Grants to nonprofits aren't pork-barreling
By Rep. Michael Kahikina
At night, when it rains in Wai'anae and Nanakuli, my family and I go down to the beaches whenever we can and look for the homeless kids. Their lips are purple and their teeth are chattering. They are cold and hungry, and we gather them together to feed them hot soup and bread. I can see with my own eyes that after years of appropriating taxpayers' money toward homeless programs, the problem is not getting better; in fact, it has reached a crisis level.
I am not blaming the Housing and Community Development Corporation of Hawai'i (HCDCH). It does the best it can, but this is a complex problem, and we need to start doing and thinking about things differently.
Therefore, it is important that I respond to your May 22 editorial, "Legislature shouldn't pork-barrel grants," because what we are trying to do with these grants is not pork. Hawai'i's homeless crisis is too big and too important to play politics.
The Legislature decided to spend funds for the homeless through grants-in-aid for one reason only: to better our chances of eliminating homelessness. During the summer and fall of 2005, the Joint Legislative Task Force on Housing and Homeless traveled across the state, meeting with homeless advocates, developers, community leaders and nonprofit organizations, soliciting ideas on how we can take action and work quickly to help homeless families.
While everyone agreed that the problem is critical with no quick fix, very few innovative solutions were presented to us. The task force recommended that $20 million be set aside for homeless and transitional housing. But, it also suggested an important change — that the funds be allocated through grants-in-aid to nonprofits that propose creative solutions that could be implemented in the near term.
This speaks to our concerns that the request for proposals (RFP) process has drawbacks. For one thing, it is a cumbersome and lengthy process. By the time the proposals are selected and contracts are finalized, months if not years pass before the projects are implemented. Smaller nonprofits do not feel they are able to compete with the large mainstream organizations, even though they may have great ideas. Most importantly, we need to see better results, plain and simple. Why not take a chance and see how innovative the nonprofit community can be through the grant process?
House Bill 2176, the omnibus housing bill, took all of the stakeholders into account. The Legislature appropriated over $20 million, fulfilling the recommendations of the task force. We recognized that the homeless problem needs to be attacked from all fronts, not just through grants, and the funding allocation reflects that strategy.
For grants-in-aid, $2,128,081 went to nonprofits to operate homeless programs and shelters, with $9,855,500 to renovate or construct transitional housing and emergency shelters. My office called every single nonprofit agency that we were aware of to let them know that the Legislature would be awarding grants for homeless programs, and HCDCH did the same. As it turned out, many faith-based organizations serve the homeless as part of their charitable goals. I assure you that we looked exclusively at the merits of the proposals and did not include or exclude an organization because of its religious affiliation.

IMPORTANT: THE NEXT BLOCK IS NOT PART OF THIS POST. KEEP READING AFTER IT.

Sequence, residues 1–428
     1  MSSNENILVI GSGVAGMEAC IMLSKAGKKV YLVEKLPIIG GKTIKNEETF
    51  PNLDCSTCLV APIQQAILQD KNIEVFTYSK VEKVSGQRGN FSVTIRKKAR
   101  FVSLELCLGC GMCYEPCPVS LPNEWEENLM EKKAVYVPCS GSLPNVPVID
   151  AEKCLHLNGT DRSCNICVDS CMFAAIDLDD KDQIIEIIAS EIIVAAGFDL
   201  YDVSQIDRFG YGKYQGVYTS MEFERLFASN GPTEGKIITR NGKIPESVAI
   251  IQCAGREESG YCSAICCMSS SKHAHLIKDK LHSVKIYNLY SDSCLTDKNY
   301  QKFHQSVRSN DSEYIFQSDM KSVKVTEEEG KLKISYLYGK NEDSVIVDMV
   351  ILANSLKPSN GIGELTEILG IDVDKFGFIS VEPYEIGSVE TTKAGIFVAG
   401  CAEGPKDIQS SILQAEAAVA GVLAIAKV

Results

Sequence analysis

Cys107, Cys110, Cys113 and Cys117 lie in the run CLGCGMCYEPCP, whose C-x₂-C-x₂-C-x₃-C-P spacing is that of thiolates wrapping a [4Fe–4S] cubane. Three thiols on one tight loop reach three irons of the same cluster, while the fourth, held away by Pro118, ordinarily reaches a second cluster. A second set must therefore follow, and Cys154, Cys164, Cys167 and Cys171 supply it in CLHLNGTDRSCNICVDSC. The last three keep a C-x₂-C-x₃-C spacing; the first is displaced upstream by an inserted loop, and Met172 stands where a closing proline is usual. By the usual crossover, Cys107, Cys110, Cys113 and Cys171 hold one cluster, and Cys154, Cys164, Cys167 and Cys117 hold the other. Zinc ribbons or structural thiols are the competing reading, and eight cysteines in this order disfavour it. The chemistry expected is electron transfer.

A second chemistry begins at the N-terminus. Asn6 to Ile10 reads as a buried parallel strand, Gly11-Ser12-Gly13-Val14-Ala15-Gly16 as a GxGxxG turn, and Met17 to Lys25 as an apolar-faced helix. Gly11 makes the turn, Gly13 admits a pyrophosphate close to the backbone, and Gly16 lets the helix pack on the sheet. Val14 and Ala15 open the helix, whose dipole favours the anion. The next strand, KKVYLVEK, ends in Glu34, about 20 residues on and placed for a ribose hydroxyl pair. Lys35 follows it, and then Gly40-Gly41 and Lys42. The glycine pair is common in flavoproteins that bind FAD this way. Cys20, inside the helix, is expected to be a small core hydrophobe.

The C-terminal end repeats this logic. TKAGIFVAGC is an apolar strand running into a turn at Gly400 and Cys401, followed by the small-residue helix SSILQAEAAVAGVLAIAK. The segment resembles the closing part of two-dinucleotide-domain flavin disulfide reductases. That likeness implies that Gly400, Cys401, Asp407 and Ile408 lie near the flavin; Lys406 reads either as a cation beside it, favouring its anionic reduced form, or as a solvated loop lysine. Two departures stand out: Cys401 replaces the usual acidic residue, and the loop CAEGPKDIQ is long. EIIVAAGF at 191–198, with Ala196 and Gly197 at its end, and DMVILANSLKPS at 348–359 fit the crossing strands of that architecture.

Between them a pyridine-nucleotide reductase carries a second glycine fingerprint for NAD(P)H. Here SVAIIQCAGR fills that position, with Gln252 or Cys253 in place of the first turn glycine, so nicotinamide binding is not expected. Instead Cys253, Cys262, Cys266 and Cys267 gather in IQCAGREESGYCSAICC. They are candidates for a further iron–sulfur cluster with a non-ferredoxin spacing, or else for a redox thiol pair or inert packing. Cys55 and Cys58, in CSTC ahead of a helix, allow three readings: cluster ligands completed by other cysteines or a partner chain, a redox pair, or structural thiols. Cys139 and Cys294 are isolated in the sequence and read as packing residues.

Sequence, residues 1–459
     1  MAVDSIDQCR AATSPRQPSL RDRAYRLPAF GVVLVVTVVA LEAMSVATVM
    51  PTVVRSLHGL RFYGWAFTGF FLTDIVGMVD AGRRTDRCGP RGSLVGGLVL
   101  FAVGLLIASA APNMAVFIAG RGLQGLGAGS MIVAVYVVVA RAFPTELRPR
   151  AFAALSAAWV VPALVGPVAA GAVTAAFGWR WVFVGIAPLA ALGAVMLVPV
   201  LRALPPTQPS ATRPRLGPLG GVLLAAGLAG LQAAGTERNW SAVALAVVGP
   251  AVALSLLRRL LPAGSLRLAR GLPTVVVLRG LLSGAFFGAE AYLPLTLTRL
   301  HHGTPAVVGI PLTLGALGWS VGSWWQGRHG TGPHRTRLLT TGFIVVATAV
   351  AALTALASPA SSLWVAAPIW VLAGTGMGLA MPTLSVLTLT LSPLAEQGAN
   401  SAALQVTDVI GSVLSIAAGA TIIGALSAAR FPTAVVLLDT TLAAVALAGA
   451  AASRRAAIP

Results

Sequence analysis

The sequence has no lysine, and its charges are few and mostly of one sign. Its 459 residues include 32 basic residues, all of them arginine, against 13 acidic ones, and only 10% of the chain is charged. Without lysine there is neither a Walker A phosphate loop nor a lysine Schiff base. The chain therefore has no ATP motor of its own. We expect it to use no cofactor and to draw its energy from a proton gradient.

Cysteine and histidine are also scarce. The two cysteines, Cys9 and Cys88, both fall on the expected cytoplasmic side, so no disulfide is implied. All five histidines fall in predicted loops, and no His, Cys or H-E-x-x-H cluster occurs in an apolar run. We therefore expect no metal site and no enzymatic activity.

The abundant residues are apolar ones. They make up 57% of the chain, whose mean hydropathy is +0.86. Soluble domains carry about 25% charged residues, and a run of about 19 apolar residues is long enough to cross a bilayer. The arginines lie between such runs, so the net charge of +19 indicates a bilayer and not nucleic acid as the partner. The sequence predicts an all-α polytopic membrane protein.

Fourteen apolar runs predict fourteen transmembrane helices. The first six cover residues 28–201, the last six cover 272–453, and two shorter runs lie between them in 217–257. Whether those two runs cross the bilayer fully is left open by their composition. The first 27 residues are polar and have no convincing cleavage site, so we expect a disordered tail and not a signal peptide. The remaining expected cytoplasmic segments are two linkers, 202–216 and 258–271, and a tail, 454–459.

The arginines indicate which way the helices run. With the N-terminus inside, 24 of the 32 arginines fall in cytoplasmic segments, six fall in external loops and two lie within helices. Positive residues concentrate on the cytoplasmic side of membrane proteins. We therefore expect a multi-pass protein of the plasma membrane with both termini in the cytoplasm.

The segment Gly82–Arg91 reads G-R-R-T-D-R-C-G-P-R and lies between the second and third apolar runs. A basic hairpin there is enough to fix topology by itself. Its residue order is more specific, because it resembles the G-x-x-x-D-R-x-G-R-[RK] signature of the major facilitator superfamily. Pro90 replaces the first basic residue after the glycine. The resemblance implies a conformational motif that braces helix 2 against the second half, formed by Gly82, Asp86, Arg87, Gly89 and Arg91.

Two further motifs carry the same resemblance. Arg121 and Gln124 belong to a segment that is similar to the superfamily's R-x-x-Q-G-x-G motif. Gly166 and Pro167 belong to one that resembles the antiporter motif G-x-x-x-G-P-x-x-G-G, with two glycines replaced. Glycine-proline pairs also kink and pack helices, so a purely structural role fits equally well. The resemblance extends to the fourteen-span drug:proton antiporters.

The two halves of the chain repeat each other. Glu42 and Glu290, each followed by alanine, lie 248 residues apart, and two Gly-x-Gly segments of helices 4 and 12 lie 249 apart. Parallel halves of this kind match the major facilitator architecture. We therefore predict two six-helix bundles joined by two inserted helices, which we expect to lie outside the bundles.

We explained that we wanted to see some new, innovative ideas on how to help the homeless, and we encouraged them to think creatively. The applications were screened and reviewed by both the House and Senate Committees on Housing. I'm pleased to report that we were able to fund, at least in part, every proposal that we considered to be reasonable and credible, including some of the more unusual ideas such as using buses and yurts as temporary emergency shelters.
We recognized that some of the mainstream organizations that are used to going through the RFP process did not submit applications for grants-in-aid, but we still wanted to give them an opportunity to receive funding. Therefore, we diverted $5 million that could have been used for grants to the Hawai'i Public Housing Authority to award RFPs to nonprofit agencies serving the homeless.
The Legislature felt it was important for the counties to get more involved in providing homeless solutions. We appropriated $3.2 million for the counties to partner with nonprofit agencies to designate and maintain temporary emergency shelters for the homeless, including facilities at Kalaeloa.
The homeless and affordable housing package was funded this year using part of the state's surplus. We cannot assume that the state will have a surplus in subsequent years, and we do not want to burden the taxpayer with programs that may require funding in the out years. The omnibus housing bill, including going in the direction of grants-in-aid, allows us to fund one-time appropriations that meet the immediate housing needs of Hawai'i's people.
The bottom line is that we felt we needed to be more proactive and re-energize the community in coming up with creative solutions. It's not enough to hope that things will get better. We asked the nonprofits to give us their best ideas, and we are giving them the funds to make it happen.
Rep. Michael Kahikina is chairman of the House Committee on Housing. He wrote this commentary for The Advertiser.